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Flagship workfare scheme is delayed again following voluntary sector opposition

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Keep volunteering voluntary! [1]

Today, 2 June, is the deadline by which Community Work Placements – the flagship policy announcement at last year's Conservative Party conference – were required by contract to be up and running [2].

But Keep Volunteering Voluntary, which represents the hundreds of voluntary sector organisations who have pledged not to take part in the scheme, points out that its campaign is paying off as the scheme appears unable to get off the ground.

Community Work Placements are six month forced unpaid work placements for unemployed people which require local council and charity participation.

However 350 voluntary sector organisations have signed the Keep Volunteering Voluntary agreement not to take part since the campaign launched a month ago. The list includes household names Shelter, Oxfam, Crisis, Scope and many others. These organisations point to the impact of benefit sanctions on food poverty and homelessness and believe mandatory work undermines the value of freely given volunteering. [3] Over 15 councils have also pledged not to take part, many through signing Unite the Union's new pledge. [4]

The widespread opposition to the scheme appears to be taking its toll, as an initial launch date of 28 April was replaced by “late May”, and there are indications this date has again been postponed. [5]

Voluntary sector opposition is likely to be the key factor in delaying a scheme which even during its pilot failed to find placements for 37% of participants. [6] Others have speculated that the timetable has also been delayed because the government needed to wait until G4S was no longer barred from bidding before it could be awarded the lion's share of Community Work Placement contracts. [7]

Andy Benson of National Coalition for Independent Action commented:

“More evidence that this punitive, botched and poor thought out scheme is heading for the rubbish bin of history. Hundreds of voluntary groups have now said they will have nothing to do with it and the number is rising by the day. The government should immediately call a halt to this programme and save wasting £237M of taxpayers' money”.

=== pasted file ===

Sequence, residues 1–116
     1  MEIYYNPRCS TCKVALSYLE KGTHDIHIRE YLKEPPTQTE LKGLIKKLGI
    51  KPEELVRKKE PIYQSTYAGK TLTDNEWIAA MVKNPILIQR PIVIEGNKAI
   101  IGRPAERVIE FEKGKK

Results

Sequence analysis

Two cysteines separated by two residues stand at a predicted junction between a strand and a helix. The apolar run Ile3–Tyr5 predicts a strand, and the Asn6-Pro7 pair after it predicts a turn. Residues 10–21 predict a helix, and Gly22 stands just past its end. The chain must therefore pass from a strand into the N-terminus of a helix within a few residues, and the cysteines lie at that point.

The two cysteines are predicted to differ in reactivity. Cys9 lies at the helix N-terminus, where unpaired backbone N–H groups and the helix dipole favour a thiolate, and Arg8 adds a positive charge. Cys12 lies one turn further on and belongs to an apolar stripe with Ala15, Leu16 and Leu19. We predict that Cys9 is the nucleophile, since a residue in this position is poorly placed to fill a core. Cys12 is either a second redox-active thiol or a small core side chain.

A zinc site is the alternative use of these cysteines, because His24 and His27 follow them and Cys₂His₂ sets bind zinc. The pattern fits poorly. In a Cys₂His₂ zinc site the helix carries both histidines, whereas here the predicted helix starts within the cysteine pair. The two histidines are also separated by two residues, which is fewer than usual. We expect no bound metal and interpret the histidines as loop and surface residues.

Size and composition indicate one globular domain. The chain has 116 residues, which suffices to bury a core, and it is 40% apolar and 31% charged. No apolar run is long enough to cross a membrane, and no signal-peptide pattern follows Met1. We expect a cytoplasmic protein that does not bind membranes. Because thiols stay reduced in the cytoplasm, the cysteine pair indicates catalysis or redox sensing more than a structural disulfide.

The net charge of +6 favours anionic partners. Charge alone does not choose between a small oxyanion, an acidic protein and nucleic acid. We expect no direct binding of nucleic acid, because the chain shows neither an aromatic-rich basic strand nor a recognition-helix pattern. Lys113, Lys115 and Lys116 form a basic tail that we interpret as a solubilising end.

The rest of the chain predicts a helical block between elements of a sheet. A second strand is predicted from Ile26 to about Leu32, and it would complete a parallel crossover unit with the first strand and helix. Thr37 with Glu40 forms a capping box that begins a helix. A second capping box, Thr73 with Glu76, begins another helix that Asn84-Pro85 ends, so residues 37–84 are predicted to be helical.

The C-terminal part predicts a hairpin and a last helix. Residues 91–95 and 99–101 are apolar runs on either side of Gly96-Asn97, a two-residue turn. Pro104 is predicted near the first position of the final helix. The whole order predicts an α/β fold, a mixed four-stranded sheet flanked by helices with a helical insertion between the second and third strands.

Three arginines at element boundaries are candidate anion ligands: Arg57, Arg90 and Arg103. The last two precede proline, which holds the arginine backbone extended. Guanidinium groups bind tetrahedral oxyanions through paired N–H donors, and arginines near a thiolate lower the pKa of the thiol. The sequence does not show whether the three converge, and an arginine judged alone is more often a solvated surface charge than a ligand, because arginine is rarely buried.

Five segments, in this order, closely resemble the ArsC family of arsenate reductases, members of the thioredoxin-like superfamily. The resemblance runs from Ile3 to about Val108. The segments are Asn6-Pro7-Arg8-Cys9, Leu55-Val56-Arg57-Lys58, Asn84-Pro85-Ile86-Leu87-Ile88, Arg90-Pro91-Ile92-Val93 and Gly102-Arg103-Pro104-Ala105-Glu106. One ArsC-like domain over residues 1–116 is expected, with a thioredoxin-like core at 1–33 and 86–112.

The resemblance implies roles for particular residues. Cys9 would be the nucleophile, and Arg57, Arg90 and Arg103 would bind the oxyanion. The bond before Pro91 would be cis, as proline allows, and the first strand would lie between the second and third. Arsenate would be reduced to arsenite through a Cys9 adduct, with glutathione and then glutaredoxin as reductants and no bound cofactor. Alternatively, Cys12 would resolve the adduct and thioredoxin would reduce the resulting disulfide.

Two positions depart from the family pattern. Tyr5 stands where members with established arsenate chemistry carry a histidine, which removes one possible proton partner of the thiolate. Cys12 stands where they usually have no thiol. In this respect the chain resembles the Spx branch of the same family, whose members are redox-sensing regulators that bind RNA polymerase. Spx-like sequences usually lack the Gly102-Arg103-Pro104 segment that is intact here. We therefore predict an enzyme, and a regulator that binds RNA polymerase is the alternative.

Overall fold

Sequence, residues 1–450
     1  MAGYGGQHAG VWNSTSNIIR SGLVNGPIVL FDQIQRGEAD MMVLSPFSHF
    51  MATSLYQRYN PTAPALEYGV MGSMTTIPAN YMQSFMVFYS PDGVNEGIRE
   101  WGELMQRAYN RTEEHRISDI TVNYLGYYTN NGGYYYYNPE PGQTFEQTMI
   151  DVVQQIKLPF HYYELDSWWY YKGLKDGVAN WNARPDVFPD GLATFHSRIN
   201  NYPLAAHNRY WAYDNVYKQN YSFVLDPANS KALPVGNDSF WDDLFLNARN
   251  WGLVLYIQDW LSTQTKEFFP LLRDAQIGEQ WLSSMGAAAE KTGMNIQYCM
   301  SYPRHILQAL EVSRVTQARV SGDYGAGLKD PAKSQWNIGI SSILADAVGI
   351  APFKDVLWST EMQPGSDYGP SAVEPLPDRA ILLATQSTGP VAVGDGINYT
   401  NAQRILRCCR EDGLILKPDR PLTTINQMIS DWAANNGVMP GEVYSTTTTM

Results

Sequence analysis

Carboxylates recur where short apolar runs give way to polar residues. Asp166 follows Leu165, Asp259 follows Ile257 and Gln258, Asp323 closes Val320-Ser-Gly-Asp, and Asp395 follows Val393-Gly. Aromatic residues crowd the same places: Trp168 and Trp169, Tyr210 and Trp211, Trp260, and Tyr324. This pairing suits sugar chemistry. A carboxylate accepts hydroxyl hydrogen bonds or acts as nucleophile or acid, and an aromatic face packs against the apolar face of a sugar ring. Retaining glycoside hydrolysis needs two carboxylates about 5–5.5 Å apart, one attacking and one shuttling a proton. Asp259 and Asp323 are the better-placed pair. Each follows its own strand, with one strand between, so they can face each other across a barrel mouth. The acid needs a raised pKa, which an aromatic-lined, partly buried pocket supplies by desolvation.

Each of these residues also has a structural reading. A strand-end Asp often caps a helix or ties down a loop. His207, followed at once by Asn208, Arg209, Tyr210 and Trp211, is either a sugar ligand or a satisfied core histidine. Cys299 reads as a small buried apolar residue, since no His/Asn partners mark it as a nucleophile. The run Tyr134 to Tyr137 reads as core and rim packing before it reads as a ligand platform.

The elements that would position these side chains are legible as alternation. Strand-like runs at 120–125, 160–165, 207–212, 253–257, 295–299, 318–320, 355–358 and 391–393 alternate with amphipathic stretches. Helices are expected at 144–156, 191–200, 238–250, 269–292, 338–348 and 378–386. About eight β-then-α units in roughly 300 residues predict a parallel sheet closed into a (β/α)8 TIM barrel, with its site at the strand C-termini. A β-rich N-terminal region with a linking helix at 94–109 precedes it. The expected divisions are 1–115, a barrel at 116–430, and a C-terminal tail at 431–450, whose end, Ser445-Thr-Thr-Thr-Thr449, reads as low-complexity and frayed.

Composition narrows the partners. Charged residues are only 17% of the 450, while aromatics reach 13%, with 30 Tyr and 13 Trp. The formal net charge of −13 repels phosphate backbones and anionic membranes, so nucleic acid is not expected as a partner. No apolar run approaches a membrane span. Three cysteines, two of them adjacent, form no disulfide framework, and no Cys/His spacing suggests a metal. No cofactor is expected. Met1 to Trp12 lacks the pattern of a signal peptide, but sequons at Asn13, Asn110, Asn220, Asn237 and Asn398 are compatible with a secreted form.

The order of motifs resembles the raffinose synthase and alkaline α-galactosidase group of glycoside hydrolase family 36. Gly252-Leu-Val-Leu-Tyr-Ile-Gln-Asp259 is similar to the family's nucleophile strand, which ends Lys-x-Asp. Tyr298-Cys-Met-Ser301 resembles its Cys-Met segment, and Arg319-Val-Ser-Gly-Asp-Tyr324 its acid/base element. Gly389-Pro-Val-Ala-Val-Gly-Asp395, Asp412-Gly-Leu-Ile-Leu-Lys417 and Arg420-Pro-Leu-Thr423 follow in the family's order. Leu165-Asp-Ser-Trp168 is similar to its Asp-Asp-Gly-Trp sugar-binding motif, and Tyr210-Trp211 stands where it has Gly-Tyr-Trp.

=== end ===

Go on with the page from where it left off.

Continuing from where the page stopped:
Charity participation in workfare schemes will be further jeopardised if the DWP lose their appeal at the Upper Tier information tribunal on 12 June and are forced to reveal the list of organisations hosting placements. [8]

[1] Keep Volunteering Voluntary is a joint campaign initiative by voluntary sector organisations, which launched on 28 April to coincide with the launch of punitive Community Work Placements. The campaign invites voluntary sector organisations to commit not to participate in workfare schemes.

The current list of nearly 350 signatories can be found here: http://www.keepvolunteeringvoluntary.net

[2] The Community Work Placement (CWP) scheme, part of a set of measures branded “Help to Work”, was announced by Chancellor of the Exchequer George Osborne at Conservative Party conference in 2013. Help to Work was costed at £300 million and aimed at 200,000 Jobseekers Allowance claimants, and was scheduled to begin on 28 April 2014 (See 1.22 and 1.23 here).

[3] Benefit stoppages (sanctions), which can now leave people without a subsistence income for up to three years, are seen by experts as one of the key reasons for the soaring rise in use of foodbanks.

[4] There are over 11 signatories to Unite's pledge for councils not to take part, plus Liverpool, Newcastle & Scarborough who have policy against workfare: http://www.unitetheunion.org/campaigning/workfare/

[5] Along with help to Work's other punitive measures, CWP was scheduled to start on 28 April, but contractors could negotiate a later starting date in “very exceptional circumstances” up to 2nd June. See 1.22 and 1.23 here. But this DWP newsletter reveals that the start date was delayed until the end of May: “The first claimants will be referred to Community Work Placements from the end of May 2014”. There are indications that this date has now been been further delayed.

[6] The Community Action Programme pilot - a similar workfare scheme to Community Work Placements - was found to have no effect on helping people find employment. 71% of people sanctioned on the scheme reported going without food; half went into debt. The pilot found that placements could only be found for 63% of participants.

[7] See Private Eye on G4S's bid for CWP contracts here: http://www.private-eye.co.uk/sections.php?section_link=news&issue=1366

[8] The Government is refusing to reveal the list of organisations using workfare. As they put it to the Information Commissioner: “Put simply, disclosure [of names] would have been likely to have led to the collapse of the MWA [Mandatory Work Activity] scheme”.

The date for the Upper Tribunal hearing on getting the DWP to reveal which organisations use workfare is 12 June. The FoI correspondence for it can be found here: https://www.whatdotheyknow.com/request/successful_bidders

The current list of nearly 350 signatories can be found here: http://www.keepvolunteeringvoluntary.net

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